Connection Between Trauma and Addiction
For some time now, researchers have tried to find a causal link between substance use disorders and trauma. Although they’ve been unsuccessful at proving causation, they succeeded in finding a strong correlation. According to a 2010 study by the NCBI, just over 70% of adolescents who’ve experienced some form of trauma also receive addiction treatment at some point in their lives. The high comorbidity between trauma and addiction suggests that any type of addiction treatment should include education and therapeutic approaches for trauma.
People who fail to address trauma are more susceptible to forming maladaptive behaviors. If gone untreated, people are more prone to substance use disorders, eating disorders, emotional or physical outbursts and a slew of mental health problems. To prevent these behaviors from taking over, it’s paramount that addiction programs use therapeutic techniques like CBT, DBT, and EMDR to address traumatic experiences.
How Does Trauma Impact The Brain?
Continued traumatic exposure will literally rewire your brain. Whether you’re experiencing big T or little T trauma (see section below), your brain will undergo several adaptations. The first is activation of your flight or fight response system causing increased cortisol and adrenaline. This process is evolutionary advantageous in small doses. However, continued activation of this system can dramatically alter your behaviors, leading to PTSD and mental health problems. Mental health professionals have developed a handful of techniques to help combat and rewire one’s brain to deal with past trauma in a healthy way. To help address these problems head on, professionals have codified trauma into big T and little T trauma.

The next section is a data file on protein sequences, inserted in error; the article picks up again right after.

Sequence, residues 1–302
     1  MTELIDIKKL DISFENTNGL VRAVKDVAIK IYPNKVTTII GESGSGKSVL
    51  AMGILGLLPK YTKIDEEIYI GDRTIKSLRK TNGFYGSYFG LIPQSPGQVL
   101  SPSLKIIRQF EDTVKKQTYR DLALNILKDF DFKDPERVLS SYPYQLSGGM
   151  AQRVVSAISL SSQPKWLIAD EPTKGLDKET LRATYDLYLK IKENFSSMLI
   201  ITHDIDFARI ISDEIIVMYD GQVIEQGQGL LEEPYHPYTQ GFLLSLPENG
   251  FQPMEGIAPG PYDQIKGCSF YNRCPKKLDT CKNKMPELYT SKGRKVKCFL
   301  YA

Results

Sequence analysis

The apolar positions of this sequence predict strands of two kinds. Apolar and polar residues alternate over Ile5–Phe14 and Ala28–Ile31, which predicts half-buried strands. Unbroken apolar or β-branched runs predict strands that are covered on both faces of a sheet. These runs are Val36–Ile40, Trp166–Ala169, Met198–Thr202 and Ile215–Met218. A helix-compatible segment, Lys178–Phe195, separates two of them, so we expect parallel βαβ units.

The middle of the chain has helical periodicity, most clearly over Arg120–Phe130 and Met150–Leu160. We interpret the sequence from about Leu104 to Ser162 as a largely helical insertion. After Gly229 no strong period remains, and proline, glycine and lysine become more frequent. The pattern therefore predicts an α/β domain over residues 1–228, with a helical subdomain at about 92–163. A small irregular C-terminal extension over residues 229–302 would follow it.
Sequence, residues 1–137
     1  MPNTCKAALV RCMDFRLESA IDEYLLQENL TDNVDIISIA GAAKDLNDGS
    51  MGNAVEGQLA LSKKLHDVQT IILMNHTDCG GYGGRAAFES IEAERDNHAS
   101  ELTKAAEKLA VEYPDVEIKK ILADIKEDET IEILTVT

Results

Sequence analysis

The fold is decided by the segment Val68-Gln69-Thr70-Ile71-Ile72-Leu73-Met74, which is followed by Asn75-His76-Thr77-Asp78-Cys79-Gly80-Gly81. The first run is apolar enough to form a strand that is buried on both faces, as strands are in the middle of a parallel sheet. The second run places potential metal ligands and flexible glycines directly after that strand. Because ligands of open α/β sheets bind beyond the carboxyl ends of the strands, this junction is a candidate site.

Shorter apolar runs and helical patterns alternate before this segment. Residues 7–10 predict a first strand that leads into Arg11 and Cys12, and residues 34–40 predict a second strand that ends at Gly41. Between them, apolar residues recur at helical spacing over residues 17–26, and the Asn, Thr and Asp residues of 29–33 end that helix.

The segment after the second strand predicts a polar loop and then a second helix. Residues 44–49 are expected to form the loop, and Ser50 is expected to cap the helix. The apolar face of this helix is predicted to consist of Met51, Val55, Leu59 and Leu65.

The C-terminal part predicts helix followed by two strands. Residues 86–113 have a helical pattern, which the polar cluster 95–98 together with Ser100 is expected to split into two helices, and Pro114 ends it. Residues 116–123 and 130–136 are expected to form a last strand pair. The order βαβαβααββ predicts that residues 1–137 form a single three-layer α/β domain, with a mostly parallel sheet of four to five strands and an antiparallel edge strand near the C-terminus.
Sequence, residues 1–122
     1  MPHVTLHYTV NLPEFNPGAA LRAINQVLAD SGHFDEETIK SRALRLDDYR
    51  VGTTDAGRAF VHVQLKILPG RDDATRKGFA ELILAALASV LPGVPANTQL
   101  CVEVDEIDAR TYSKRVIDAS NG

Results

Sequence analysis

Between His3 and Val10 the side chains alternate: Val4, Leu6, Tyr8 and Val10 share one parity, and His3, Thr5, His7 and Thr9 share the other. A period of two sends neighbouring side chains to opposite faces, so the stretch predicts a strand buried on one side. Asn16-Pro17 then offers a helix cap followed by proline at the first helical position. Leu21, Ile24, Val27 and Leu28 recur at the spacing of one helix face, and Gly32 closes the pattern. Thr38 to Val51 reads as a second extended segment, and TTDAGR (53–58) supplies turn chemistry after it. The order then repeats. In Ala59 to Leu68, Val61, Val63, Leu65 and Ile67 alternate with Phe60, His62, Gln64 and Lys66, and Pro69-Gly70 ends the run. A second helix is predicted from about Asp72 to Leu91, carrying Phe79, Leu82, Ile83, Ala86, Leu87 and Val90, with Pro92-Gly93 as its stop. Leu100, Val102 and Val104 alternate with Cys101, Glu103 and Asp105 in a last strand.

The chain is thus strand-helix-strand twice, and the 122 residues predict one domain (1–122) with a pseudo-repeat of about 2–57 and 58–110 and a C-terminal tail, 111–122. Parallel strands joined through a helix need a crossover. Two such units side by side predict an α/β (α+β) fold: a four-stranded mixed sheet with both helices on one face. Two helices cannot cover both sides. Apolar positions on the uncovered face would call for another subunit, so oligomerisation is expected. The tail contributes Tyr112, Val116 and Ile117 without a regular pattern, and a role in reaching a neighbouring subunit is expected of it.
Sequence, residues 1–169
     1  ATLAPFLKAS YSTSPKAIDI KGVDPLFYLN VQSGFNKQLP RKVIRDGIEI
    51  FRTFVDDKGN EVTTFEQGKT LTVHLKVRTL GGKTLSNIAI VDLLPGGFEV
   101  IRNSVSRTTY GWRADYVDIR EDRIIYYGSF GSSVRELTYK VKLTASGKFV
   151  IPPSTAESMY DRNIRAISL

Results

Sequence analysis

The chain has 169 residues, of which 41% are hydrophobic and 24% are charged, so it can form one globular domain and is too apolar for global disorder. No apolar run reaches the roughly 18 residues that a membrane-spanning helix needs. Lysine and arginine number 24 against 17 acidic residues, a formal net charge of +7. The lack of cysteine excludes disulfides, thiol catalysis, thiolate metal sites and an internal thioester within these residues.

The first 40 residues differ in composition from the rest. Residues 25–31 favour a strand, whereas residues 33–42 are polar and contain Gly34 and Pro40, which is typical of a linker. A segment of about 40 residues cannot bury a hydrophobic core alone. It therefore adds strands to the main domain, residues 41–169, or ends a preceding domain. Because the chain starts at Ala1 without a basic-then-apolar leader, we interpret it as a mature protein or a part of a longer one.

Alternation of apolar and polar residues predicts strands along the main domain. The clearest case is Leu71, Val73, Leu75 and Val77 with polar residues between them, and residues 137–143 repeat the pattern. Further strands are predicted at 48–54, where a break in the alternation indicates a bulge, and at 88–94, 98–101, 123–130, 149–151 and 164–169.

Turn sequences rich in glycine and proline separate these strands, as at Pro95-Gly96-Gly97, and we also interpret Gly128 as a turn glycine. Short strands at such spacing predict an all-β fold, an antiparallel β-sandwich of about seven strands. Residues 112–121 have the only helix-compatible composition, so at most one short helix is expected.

Little T vs. Big T Trauma
The first type of traumatic event is little T trauma. This type of trauma is more nuanced and subtle. It tends to build up overtime rather than showing its effects after one experience. Since little T is less acknowledged by people outside of the mental health field, people may experience it for greater periods of time without recognizing it. PTSD from little T trauma can begin to form over continued exposure to one or more of these events.
- Chronic illness
- Bullying or shaming by peers or caretakers
- Being raised in an environment where you’re taught to suppress your emotions
- Physical and or social isolation
- Living in extremely impoverished conditions
On the other hand, big T trauma is much more recognizable and in line with what people recognize as being traumatic. One exposure to this event can set off cascading mental health problems and maladaptive behaviors. Some of the most prevalent examples of this include:
- Experiencing combat situations
- Domestic violence
- Childhood abuse or neglect
- Sexual, physical abuse or assault
- Surviving a natural disaster
- Verbal, emotional or mental abuse
- Surviving a severe accident (i.e. fire, car accident, etc…)
If your or someone you know is struggling with trauma and developing maladaptive coping strategies, our team can help. Call us today to learn more about our trauma integrated model of addiction treatment.